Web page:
FDA Panel Advises Strict Limits on Testosterone Prescriptions

FDA Warning sign

Assuming the FDA adopts the advice of the panel, the drug companies will be forced to severely alter marketing strategies and the number of men prescribed these drugs will be significantly reduced. The recommendations might also impact insurance coverage of testosterone prescriptions.

On June 19, 2014 the FDA announced that labels for these drugs are now required to include warnings pertaining to the risk of blood clots.

Questions remain concerning the long-term risks of testosterone and prior studies have linked the medication to increased rates of heart disease. The same panel  voted 20 – 1 for the FDA  to require further studies be conducted related to cardiovascular risk and testosterone use. On Thursday, September 18th, the panel voted 18 – 3 against the approval of the oral testosterone drug Rextoro; the panel concluded that the risk-benefit ratio fails to support FDA approval.

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Recall of Children’s Tylenol, Motrin, Zyrtec & Benadryl

children's medications recalledMcNeil Consumer Healthcare, together with the U.S. Food & Drug Association, has implemented the voluntary recall of infant and children’s liquid  Tylenol, Motrin, Zyrtec and Benadryl due to concerns over manufacturing deficiencies. According to the announcement published on the FDA website, some of the products might a have higher concentration of the active ingredient than is specified on the label; others might contain inactive ingredients that have not satisfied testing requirements; and others possibly contain small particles that could be harmful to infants and children.

Although the likelihood of serious medical problems is believed to be remote, the FDA is advising consumers to discontinue using the above products. Consumers are being asked to report any adverse reactions to these products to: FDA’s MedWatch Program by fax 1-800-FDA-0178, or by mail to MedWatch, FDA, 5600 Fishers Lane, Rockville, MD 20852-9787.

Supreme Court Considers the Liability of Generic Drug Companies

In 2008 a New Hampshire federal jury awarded Karen Bartlett $21 million for injuries she sustained after using a medication called sulindac. She was prescribed Clinoril for shoulder pain and received the generic version — sulindac. The drug was directly responsible for Bartlett developing Stevens-Johnson Syndrome (SJS) and Toxic Epidermal Necrolysis (TEN), conditions that led to severe skin deterioration. Bartlett eventually suffered additional permanent injuries, including near-blindness, lung damage and burns in her esophagus.

The jury award relied on a New Hampshire products liability law allowing for damages based on defective design. The defendant in the case, Mutual Pharmaceutical Company, appealed to the U.S. Court of Appeals for the 1st Circuit arguing that the federal law regulating generic drugs preempts state design-defect laws. The 1st Circuit upheld the lower court decision and Mutual Pharmaceutical then appealed to the U.S. Supreme Court. The Supreme Court agreed to hear the case and oral arguments were held on March 19, 2013.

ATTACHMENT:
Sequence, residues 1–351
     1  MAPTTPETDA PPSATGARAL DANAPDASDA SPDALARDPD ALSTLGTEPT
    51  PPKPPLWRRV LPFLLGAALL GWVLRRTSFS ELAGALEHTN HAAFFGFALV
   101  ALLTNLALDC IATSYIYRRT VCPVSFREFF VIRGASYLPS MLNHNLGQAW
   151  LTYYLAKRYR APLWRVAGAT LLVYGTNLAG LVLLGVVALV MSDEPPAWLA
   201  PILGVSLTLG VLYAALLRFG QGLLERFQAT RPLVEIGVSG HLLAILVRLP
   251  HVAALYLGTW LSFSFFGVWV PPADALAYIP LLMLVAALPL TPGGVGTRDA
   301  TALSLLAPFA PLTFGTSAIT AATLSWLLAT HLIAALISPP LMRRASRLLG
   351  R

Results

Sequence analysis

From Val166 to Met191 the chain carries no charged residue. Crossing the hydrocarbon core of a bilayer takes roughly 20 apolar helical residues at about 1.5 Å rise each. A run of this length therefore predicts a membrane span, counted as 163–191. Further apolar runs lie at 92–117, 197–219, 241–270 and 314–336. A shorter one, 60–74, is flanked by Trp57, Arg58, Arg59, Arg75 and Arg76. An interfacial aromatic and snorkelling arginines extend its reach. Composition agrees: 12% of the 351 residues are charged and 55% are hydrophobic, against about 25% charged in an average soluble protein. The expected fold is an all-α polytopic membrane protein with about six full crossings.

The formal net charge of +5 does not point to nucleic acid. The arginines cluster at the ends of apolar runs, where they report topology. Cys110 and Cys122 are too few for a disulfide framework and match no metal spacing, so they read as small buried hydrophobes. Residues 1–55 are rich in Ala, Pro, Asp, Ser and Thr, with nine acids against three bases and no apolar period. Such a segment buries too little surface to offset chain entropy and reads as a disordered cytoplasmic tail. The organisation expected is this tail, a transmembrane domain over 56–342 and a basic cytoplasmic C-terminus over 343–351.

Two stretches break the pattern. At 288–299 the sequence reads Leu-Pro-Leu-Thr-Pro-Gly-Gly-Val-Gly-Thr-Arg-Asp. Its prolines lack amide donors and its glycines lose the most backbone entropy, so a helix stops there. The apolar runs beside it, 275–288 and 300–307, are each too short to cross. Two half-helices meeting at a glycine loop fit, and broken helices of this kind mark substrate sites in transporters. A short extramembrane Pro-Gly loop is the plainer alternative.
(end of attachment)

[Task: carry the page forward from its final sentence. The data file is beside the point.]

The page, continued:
Mutual Pharmaceutical claims no liability since they are required, pursuant to the Food & Drug Cosmetic Act (FDCA) to use the same ingredients and warning labels as those used by the original manufacturer. In other words, they claim they are legally required to keep a generic drug identical to the brand name drug. Brand name manufactures maintain that they are not responsible for injuries caused by drugs that were not purchased from them.

Ultimately, this case well help clarify how federal law applies to generic pharmaceutical companies as well as determine the extent to which state product liability laws pertain to the generic drug industry.

For a thorough analysis of the legal issues involved in this case see  Cornell’s Legal Information Institute.

Judge’s Order Nullifies $6.5 Million Verdict in Diabetes Drug Trial

In a May 1, 2013 press release Takeda Pharmaceuticals announced that the trial court judge granted the defendant’s motion for non-suit. The ruling nullifies the April 26th jury verdict.

A Los Angeles Superior Court jury awarded $6.5 million to the plaintiff Jack Cooper in the first trial involving the diabetes drug Actos (Cooper v. Takeda Pharmaceuticals America, Inc., CGC-12-518535). The jury found Takeda Pharmaceuticals liable for the failure to warn patients that Actos could cause bladder cancer. The verdict awarded $5 million in compensatory damages to Jack Cooper and $1.5 million to his wife. As many as 3000 similar lawsuits are pending in the United States.

According to the attorney representing Cooper, the Japanese drug company was aware of possible links between Actos and bladder cancer as early as 2004. However, the company waited 7 years before reporting these findings to U.S. regulators. In 2011 Actos was removed from the market in both France and Germany after studies revealed that some patients using Actos have increased risk of developing heart problems and bladder cancer.

In 2012 the British Medical Journal reported that patients who use Actos for 2 years are twice as likely to develop bladder cancer. In the same year  the Canadian Medical Association Journal published the results of a study showing that users of Actos have a 20 percent increased risk of developing bladder cancer. Canada has since removed Actos from the list of approved medications.